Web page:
Ryan:  It’s amazing. That is a good, a good run there before we started. You told me a little bit of a story about YC and maybe bucking the trend a little bit and blazing your own trail there because our audience is so heavily founded. We’ve got a lot of founders, people looking to get into this space, tell our audience that story a little bit more. I think that’s just a fascinating, very cool story to kind of talk about your persistence and, again, just how great the idea is and what you’re trying to build here.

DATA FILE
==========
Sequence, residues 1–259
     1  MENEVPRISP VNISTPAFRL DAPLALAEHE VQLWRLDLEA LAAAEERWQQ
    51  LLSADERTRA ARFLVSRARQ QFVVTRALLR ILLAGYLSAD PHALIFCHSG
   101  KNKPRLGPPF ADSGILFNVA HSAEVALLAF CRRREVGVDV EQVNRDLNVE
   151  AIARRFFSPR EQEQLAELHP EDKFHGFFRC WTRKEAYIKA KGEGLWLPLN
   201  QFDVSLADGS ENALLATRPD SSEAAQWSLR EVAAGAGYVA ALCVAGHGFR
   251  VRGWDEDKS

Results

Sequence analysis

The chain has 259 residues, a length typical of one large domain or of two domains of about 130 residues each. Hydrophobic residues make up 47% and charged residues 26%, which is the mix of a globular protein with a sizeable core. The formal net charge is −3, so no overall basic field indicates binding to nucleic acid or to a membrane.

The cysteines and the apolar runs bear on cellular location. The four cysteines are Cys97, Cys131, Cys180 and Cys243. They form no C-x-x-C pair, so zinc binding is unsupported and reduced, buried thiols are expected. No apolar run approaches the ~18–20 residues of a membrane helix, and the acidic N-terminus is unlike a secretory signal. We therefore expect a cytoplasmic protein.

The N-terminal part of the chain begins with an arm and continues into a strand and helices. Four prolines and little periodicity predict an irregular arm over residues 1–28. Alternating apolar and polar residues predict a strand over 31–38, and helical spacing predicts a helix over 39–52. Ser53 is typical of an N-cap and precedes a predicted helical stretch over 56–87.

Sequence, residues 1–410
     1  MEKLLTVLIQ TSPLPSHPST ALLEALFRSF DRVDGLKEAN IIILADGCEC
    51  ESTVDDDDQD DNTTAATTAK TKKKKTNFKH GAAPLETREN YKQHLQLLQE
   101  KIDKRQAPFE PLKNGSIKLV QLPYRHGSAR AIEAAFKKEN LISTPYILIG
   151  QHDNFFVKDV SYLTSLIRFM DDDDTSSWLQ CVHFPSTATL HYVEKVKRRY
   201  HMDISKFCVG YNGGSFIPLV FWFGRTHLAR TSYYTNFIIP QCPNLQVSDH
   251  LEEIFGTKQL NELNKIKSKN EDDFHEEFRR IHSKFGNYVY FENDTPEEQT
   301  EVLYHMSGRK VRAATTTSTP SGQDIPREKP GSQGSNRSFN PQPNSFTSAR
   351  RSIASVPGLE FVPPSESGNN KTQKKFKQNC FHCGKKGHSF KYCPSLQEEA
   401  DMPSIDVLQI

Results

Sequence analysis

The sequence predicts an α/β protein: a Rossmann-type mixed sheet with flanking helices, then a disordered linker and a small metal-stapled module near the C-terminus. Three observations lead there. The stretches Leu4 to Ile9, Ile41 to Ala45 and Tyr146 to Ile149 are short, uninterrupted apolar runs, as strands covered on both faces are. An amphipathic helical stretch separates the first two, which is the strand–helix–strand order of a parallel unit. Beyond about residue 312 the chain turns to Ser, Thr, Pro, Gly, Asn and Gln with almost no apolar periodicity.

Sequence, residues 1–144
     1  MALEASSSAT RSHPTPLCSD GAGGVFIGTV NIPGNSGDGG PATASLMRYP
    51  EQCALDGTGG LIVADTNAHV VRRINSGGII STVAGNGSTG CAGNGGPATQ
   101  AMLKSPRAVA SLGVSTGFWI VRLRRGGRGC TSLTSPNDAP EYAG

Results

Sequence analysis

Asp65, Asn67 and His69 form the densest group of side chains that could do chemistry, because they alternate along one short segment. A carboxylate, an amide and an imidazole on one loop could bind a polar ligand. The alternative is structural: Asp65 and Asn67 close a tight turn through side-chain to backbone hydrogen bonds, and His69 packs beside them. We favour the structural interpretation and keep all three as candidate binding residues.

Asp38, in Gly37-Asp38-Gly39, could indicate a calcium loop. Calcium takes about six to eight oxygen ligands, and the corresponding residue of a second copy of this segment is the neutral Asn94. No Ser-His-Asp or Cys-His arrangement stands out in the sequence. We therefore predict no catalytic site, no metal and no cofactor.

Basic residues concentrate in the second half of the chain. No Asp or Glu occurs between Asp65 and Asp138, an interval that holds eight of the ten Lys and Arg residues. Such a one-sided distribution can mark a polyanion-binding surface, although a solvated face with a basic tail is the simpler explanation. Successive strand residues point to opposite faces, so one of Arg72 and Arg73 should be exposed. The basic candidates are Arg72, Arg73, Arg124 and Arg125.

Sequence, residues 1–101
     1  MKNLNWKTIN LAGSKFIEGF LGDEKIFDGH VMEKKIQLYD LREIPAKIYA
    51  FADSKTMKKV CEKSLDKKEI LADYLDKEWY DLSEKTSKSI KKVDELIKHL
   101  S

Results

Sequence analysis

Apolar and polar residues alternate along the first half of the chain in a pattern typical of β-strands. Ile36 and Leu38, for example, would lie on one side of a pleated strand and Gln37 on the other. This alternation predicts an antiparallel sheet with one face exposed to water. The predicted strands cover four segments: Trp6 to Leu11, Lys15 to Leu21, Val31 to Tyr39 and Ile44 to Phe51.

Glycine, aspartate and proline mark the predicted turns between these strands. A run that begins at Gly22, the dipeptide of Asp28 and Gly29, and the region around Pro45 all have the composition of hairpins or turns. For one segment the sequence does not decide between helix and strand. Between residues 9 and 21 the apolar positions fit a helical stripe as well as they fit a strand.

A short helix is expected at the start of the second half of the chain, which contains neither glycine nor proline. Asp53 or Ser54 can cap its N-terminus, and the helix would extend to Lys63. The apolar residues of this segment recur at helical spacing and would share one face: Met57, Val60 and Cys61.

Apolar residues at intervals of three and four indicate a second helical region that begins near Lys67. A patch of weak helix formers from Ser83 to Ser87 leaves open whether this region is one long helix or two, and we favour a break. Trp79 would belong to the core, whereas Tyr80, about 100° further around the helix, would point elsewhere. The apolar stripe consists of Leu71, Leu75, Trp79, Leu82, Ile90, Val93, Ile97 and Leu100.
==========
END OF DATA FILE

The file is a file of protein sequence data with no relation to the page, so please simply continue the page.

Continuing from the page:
Amartya:  YC is one of the biggest platforms where the youngest founders can directly go and literally change the dynamics of the start-up. I’ll be very honest here: When we were back in India, we were having a very hard time raising a preceding round. We were doing anything to get that, and you see, the YC process is just 10 minutes of interviewing. If you just do 10 minutes, good, you are into the YC batch, and that’s a huge advantage. How it worked for us was we got a first call, and it was the YC call after three years of applying for the first time I got the interview. So I was very excited. I met all the Indian founders who were back, basically YC batch mates in their previous batches. I met them. I asked them how actually to go about those 30 minutes. Everybody gave me some advice: say this, be this, approach like this, and we got a ton of advisers. We got confused, and when we went into the interview, we just didn’t portray who we were, what we were building, and what problem we were solving.